Understand firm ownership when the unexpected strikes
February/March 2020 Footnote
Editor's note: Updated January 31, 2020
Succession planning may stink, but you know what is worse? Avoiding the topic altogether.
Do your firm and your family a favor by discussing what happens to the structure of your firm should you or another owner pass unexpectedly.
The Minnesota Board of Accountancy (BOA) has rules in place regarding firm ownership. Avoid complications by understanding these rules, especially if non-CPA owners are involved.
Contact the BOA right away
The days following the death of a CPA owner are going to be chaotic. But, it is important to notify the BOA just the same.
CPA firms have 30 days to notify the BOA of changes to the firm’s ownership structure. Notification must be submitted in writing.
Need clarity before submitting changes? Consider making your first step a phone call to the BOA. Staff can review the rules and options available to you under the law.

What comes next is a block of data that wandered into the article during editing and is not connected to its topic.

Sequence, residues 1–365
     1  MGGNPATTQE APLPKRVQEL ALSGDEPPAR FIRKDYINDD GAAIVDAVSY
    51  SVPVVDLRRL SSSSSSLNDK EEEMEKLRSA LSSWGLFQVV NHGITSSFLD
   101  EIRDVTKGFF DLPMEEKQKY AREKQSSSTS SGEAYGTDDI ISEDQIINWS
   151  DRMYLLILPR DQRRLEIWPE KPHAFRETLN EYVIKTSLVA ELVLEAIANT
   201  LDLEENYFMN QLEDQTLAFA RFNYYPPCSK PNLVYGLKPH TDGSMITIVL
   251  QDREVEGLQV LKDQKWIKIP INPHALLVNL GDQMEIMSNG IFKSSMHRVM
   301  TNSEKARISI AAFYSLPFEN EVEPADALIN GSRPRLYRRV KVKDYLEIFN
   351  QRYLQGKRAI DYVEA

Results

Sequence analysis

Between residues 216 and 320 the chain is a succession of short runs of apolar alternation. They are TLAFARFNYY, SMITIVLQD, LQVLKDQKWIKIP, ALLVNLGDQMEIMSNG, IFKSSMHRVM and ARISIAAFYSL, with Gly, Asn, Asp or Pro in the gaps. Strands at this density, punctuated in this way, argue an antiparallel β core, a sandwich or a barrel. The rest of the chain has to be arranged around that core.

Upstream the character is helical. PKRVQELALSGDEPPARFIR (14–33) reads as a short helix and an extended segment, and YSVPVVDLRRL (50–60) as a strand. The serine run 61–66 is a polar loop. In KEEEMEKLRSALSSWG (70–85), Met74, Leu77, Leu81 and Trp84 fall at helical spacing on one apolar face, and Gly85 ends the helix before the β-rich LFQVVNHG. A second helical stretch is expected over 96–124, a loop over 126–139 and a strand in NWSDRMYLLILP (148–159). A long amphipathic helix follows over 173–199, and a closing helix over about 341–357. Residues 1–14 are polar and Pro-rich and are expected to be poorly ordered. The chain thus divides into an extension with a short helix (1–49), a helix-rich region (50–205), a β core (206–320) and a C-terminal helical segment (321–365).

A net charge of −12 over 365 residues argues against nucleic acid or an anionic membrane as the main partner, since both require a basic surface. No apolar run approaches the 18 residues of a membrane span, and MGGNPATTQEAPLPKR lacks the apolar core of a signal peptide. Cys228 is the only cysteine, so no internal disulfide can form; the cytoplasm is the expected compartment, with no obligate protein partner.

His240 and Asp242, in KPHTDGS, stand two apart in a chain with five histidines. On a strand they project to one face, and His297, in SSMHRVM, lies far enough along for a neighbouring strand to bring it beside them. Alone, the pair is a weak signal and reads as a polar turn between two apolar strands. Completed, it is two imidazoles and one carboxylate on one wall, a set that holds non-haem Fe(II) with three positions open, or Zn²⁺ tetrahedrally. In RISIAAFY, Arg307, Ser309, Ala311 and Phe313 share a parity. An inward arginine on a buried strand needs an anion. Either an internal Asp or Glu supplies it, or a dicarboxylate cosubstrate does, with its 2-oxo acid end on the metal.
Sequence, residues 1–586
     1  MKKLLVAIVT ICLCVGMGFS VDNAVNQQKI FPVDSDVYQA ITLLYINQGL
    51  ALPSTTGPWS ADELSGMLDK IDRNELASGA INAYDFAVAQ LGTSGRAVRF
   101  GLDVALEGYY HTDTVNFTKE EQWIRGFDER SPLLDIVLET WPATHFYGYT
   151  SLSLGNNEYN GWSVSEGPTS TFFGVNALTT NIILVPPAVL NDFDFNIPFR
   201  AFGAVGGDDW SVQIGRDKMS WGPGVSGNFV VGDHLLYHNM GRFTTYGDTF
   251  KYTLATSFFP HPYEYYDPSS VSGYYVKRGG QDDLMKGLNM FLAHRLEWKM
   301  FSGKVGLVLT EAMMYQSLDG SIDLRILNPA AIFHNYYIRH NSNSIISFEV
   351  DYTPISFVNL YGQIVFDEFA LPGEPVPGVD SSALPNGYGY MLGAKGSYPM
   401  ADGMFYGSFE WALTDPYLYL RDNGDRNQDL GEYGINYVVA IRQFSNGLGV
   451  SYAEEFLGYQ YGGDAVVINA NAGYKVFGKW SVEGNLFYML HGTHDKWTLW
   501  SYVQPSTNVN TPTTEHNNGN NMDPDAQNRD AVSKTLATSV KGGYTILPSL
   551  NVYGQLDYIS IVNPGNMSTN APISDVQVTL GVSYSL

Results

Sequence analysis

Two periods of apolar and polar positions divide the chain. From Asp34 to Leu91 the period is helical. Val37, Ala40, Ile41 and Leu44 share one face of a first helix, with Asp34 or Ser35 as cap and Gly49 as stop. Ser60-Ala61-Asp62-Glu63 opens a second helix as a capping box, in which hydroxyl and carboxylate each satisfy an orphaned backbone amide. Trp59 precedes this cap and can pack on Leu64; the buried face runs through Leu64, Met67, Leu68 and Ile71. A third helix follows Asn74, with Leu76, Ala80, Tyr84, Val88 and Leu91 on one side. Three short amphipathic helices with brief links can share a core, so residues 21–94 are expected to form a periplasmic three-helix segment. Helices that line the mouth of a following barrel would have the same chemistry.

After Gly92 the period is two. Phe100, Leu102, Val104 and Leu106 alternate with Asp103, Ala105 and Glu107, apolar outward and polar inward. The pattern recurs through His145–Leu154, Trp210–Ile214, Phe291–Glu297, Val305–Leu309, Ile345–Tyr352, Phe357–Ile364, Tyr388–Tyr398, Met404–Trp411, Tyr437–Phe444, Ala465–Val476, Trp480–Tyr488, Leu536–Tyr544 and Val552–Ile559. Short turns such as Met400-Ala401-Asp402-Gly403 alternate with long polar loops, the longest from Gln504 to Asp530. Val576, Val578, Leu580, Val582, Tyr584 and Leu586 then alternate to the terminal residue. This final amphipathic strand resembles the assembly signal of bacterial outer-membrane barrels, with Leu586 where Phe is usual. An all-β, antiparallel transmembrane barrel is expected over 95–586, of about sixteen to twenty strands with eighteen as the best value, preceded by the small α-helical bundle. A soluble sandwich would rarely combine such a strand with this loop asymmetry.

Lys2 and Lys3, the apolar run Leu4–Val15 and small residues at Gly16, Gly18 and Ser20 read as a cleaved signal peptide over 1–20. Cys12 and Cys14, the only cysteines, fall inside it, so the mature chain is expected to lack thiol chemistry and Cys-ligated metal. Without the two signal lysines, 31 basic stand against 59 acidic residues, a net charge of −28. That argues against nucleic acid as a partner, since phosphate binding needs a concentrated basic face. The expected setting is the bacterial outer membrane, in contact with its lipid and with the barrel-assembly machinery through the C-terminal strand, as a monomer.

Questions to consider prior to calling include:
- Will the firm need to be dissolved, sold or merged?
- Will there be a new non-CPA minority owner?
- Has a non-CPA owner of a firm statement been submitted?
Understanding non-CPA firm ownership
Non-CPAs can be part-owners of a CPA or sole proprietorship firm, but their ownership cannot exceed 49 percent in terms of financial interest or voting rights. The simple majority (51 percent) must belong to the CPA owners.
Firms without simple majority CPA ownership cannot operate or advertise as a CPA firm or sole proprietorship.
If a CPA’s death results in minority ownership by the remaining CPAs, the firm will need to make ownership adjustments or cease to practice.
As noted above, the BOA is here to support CPA firms through unexpected transitions. They can be reached at 651-296-7938 or www.boa.state.mn.us
The MNCPA is always a call or email away. Reach us with questions at 952-831-2707 or email@example.com